- Open Access
Repetitive mild traumatic brain injury in mice triggers a slowly developing cascade of long-term and persistent behavioral deficits and pathological changes
Acta Neuropathologica Communications volume 9, Article number: 60 (2021)
We have previously reported long-term changes in the brains of non-concussed varsity rugby players using magnetic resonance spectroscopy (MRS), diffusion tensor imaging (DTI) and functional magnetic imaging (fMRI). Others have reported cognitive deficits in contact sport athletes that have not met the diagnostic criteria for concussion. These results suggest that repetitive mild traumatic brain injuries (rmTBIs) that are not severe enough to meet the diagnostic threshold for concussion, produce long-term consequences. We sought to characterize the neuroimaging, cognitive, pathological and metabolomic changes in a mouse model of rmTBI. Using a closed-skull model of mTBI that when scaled to human leads to rotational and linear accelerations far below what has been reported for sports concussion athletes, we found that 5 daily mTBIs triggered two temporally distinct types of pathological changes. First, during the first days and weeks after injury, the rmTBI produced diffuse axonal injury, a transient inflammatory response and changes in diffusion tensor imaging (DTI) that resolved with time. Second, the rmTBI led to pathological changes that were evident months after the injury including: changes in magnetic resonance spectroscopy (MRS), altered levels of synaptic proteins, behavioural deficits in attention and spatial memory, accumulations of pathologically phosphorylated tau, altered blood metabolomic profiles and white matter ultrastructural abnormalities. These results indicate that exceedingly mild rmTBI, in mice, triggers processes with pathological consequences observable months after the initial injury.
Traumatic brain injury (TBI) was defined in a 2010 position statement as an alteration in brain function, or other evidence of brain pathology caused by an external force . Worldwide estimates suggest that there are 50–60 million new TBIs each year  with approximately 3.5 million in the United States alone . TBI severity can be classified as either mild, moderate or severe by applying the Glasgow Coma Scale (GCS) within 24 h of trauma . A GCS score of 13–15 is considered a mild TBI (mTBI) while a GCS score of 9–12 is considered moderate and a GCS score of 8 or less is considered severe TBI. The overwhelming majority (75–90%) of TBIs are mild [27, 47, 61] with the acknowledgment that the incidence of mTBI is likely grossly underestimated because many patients with mTBI do not seek medical treatment . Thus, understanding the pathophysiology of mTBI is a critical medical issue. The importance of repetitive mTBIs (rmTBIs) is underscored by the finding that a history of rmTBIs is associated with an increased risk of developing chronic traumatic encephalopathy (CTE) [68, 69, 102] and of dementia [4, 28, 72, 81]. The association of a history of mTBI with the later development of dementia and the recognition that many patients with mTBI have symptoms that persist for months or years  raises the question: just how mild are mTBIs?
Although we recognize that the term concussion is problematic [48, 94] we will use it to denote a constellation of symptoms that may or may not be transient (headache, nausea, dizziness, etc.) after a mTBI. There is increasing evidence that patients may experience a mTBI in the absence of symptoms or signs that would lead to a diagnosis of concussion. In a study of women’s varsity rugby, we demonstrated that non-concussed rugby athletes have elevated levels of glutamine and of glutamine/creatine ratios by magnetic resonance spectroscopy (MRS) during in-season play compared to off-season . In a fMRI and DTI study comparing concussion-free and concussed women varsity rugby players, we demonstrated white matter and functional connectivity changes in asymptomatic contact sport athletes . We have also reported differences in DTI, functional connectivity and in MRS in concussion-free athletes playing contact sports compared to concussion-free athletes involved in non-contact sports (swimmers and rowers) [62, 92]. These results are consistent with other fMRI studies that likewise show changes in functional connectivity in contact sport athletes that have not been diagnosed with concussion . Studies have also shown cognitive impairment in athletes playing contact sports that are reported to be concussion-free [50, 66, 104]. Finally, cognitive and imaging studies of non-concussed athletes playing contact sports demonstrate a correlation between the number of years of play and abnormalities observed [2, 104]. These studies, when considered together, suggest that significant changes in brain metabolism, white matter integrity, functional connectivity and cognitive function may occur after rmTBIs that escape a symptomatic threshold for a diagnosis of concussion.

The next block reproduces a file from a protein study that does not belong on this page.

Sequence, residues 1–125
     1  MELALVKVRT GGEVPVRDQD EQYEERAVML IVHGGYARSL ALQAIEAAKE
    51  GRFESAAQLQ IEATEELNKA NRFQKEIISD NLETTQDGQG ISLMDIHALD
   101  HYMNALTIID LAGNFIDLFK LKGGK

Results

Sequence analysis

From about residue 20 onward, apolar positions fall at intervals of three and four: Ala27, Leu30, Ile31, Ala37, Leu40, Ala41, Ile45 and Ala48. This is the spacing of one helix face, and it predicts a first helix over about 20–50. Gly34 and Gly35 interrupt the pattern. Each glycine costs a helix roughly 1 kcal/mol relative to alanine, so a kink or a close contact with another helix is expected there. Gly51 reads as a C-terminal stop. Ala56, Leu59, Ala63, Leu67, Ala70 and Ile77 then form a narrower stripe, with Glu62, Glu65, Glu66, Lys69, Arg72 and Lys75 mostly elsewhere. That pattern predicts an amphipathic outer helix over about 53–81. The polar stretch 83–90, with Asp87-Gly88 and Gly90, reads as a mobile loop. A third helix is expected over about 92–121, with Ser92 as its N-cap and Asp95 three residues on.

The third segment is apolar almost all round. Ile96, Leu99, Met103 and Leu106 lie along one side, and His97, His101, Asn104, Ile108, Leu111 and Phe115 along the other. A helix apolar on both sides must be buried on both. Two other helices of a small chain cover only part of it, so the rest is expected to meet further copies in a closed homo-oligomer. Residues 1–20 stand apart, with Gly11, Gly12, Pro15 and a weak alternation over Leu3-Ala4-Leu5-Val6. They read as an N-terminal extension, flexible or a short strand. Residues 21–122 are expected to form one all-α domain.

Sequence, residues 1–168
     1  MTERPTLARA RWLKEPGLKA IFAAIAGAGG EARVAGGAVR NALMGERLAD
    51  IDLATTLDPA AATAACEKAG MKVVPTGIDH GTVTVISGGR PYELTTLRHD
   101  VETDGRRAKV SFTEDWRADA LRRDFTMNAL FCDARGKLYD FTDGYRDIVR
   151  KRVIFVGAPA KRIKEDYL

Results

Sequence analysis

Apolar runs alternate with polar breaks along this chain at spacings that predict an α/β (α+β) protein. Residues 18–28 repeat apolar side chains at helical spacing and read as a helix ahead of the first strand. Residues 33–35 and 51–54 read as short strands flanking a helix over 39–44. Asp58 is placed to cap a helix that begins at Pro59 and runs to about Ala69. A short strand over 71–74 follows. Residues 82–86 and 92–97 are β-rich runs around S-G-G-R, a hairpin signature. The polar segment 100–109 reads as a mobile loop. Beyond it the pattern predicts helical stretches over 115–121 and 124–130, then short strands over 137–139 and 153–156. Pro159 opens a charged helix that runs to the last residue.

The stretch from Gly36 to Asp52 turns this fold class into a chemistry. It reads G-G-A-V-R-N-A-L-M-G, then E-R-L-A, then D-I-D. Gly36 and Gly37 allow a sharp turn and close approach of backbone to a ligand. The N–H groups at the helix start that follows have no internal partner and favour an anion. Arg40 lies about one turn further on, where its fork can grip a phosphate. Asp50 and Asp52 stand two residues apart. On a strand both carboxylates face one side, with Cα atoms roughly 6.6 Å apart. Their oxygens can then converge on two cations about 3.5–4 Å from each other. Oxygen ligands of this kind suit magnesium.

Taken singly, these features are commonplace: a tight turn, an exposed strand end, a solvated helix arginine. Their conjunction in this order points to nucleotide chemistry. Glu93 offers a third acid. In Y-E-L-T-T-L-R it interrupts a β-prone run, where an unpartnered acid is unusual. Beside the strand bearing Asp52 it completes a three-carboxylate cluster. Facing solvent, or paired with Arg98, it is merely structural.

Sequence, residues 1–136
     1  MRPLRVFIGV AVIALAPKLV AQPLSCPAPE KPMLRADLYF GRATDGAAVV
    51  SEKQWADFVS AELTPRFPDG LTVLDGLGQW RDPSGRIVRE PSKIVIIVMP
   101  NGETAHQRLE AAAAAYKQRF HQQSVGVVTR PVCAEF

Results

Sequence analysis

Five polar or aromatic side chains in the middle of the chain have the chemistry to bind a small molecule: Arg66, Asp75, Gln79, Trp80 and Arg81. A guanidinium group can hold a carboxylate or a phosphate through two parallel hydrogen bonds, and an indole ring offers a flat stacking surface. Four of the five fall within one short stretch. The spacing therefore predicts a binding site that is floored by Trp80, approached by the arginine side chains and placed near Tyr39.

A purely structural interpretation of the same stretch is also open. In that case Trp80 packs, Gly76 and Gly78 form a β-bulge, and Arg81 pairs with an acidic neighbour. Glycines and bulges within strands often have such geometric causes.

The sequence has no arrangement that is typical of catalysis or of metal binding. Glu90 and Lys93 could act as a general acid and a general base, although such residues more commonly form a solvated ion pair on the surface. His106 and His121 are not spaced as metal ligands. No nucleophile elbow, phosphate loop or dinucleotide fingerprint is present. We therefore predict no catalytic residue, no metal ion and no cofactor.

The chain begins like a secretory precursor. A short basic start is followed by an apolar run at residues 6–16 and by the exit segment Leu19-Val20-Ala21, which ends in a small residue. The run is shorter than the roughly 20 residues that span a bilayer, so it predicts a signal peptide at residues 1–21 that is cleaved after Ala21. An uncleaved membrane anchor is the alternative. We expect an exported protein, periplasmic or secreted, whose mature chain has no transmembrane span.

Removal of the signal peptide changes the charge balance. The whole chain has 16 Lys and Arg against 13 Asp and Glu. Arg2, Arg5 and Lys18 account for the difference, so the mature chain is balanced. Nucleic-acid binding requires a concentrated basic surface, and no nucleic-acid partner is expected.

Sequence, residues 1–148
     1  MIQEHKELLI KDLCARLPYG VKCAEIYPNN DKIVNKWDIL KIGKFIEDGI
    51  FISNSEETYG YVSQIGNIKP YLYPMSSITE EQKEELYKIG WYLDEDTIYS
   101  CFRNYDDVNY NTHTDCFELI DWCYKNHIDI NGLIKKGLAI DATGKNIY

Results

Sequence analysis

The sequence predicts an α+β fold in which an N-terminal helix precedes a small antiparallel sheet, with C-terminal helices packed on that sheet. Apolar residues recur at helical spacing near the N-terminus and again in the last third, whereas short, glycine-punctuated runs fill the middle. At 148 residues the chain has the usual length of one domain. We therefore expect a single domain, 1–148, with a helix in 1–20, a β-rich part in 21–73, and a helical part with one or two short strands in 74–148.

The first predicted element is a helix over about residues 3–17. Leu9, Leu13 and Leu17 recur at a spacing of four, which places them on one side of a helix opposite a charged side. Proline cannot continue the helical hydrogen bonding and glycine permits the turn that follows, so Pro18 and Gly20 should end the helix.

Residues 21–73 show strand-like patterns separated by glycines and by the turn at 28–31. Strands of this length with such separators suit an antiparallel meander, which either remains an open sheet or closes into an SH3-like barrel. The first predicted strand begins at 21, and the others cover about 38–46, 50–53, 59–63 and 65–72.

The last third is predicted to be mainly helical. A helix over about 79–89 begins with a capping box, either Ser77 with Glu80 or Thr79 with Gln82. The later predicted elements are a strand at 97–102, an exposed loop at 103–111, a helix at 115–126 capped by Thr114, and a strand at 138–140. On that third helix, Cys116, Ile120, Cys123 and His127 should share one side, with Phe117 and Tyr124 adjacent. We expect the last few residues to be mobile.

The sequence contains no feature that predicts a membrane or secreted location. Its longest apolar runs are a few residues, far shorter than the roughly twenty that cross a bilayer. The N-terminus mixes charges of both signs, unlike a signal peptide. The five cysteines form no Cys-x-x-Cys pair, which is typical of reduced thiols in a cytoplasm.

In order to understand the pathophysiology at the mild end of the spectrum of human rmTBIs, we carried out biochemical, pathological and behavioral analyses in a mouse model of rmTBI. In this model, mice receive 5 mTBIs (one a day for 5 days) using a cortical impactor to produce head rotations that are approximately 40 times less than the angular accelerations experienced by athletes subsequently diagnosed as concussed. We herein demonstrate that these mTBIs produce pathologies that are transient with apparent resolution as well as pathologies that are late-developing and long-lived including behavioral impairments, pathological tau phosphorylation, metabolomic alterations and white matter ultrastructural abnormalities.